Chip Counterfeiter Nabbed in Atlantic City: Royal Flush?
NEW YORK (MainStreet) Workers at Harrah's Resort and Casino found an unusual problem last week when they responded to complaints of leaky pipes and backed up plumbing: $2.7 million in counterfeit Borgata Casino poker chips that someone had literally flushed down the drain.
The fake chips had been used in the Winter Poker Open tournament, then being held at the nearby Borgata. After Harrah's notified casino officials, a follow up investigation revealed 160 counterfeit chips already in circulation on the casino floor, worth a combined $800,000.
Although regulators at first suspended play for just 24 hours they were eventually forced to cancel Event 1 of the tournament altogether due to security concerns.
An investigation by New Jersey State Police led to the arrest of Christian Lusardi from Fayetteville, North Carolina on Friday. Officials have revealed that Harrah's employees found the $2.7 million of counterfeit chips in the plumbing leading to Lusardi's room. Although he had already left the hotel by the time of the investigation, police found him staying in a nearby motel.
Lusardi was a player in the Winter Poker Open and reportedly did well in the early rounds, winning $6,814.00. Officials say they have evidence that Lusardi used that opportunity to introduce the counterfeit chips into play on multiple occasions. They have not revealed what this evidence is, nor have police yet revealed any additional evidence beyond the chips found in the pipes leading to Lusardi's room.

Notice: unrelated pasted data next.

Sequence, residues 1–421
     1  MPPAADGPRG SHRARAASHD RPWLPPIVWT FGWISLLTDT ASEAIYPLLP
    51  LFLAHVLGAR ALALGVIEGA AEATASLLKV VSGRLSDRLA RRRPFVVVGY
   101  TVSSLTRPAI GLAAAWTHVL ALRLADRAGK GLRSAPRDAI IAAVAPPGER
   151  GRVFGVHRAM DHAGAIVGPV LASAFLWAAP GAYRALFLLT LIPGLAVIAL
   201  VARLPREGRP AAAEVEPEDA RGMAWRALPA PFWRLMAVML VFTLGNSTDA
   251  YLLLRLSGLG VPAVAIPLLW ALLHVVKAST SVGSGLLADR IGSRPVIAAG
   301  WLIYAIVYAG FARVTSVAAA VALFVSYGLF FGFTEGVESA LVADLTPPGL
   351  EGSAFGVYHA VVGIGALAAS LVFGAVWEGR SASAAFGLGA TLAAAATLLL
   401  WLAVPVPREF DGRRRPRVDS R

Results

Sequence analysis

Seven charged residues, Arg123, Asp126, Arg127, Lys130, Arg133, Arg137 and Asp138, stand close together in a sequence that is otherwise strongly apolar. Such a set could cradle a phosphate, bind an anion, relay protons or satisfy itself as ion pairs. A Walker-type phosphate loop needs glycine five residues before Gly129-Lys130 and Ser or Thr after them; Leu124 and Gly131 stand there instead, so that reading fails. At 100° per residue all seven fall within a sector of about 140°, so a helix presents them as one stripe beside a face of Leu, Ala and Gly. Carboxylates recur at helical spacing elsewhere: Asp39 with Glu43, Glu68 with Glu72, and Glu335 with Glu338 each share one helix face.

Police announced the arrest, as well as information surrounding the counterfeit chips, on Friday. This was the first time that Borgata officials have revealed the details behind their reasons for canceling the January 16 tournament. At the time, the casino merely cited information about "a significant number of counterfeit chips."
More than 4,800 signed up for the Winter Poker Open. By the time Borgata officials canceled it, only 27 players remained. The casino has not yet announced how it will handle prize money or the players' buy-in fees.
Lusardi is being held in Atlantic City on $300,000 bail. He has been charged with rigging a publicly exhibited contest, criminal attempt and theft by deception.
Written for MainStreet by Eric Reed, a freelance journalist who writes frequently on the subjects of career and travel. You can read more of his work at his website www.wanderinglawyer.com.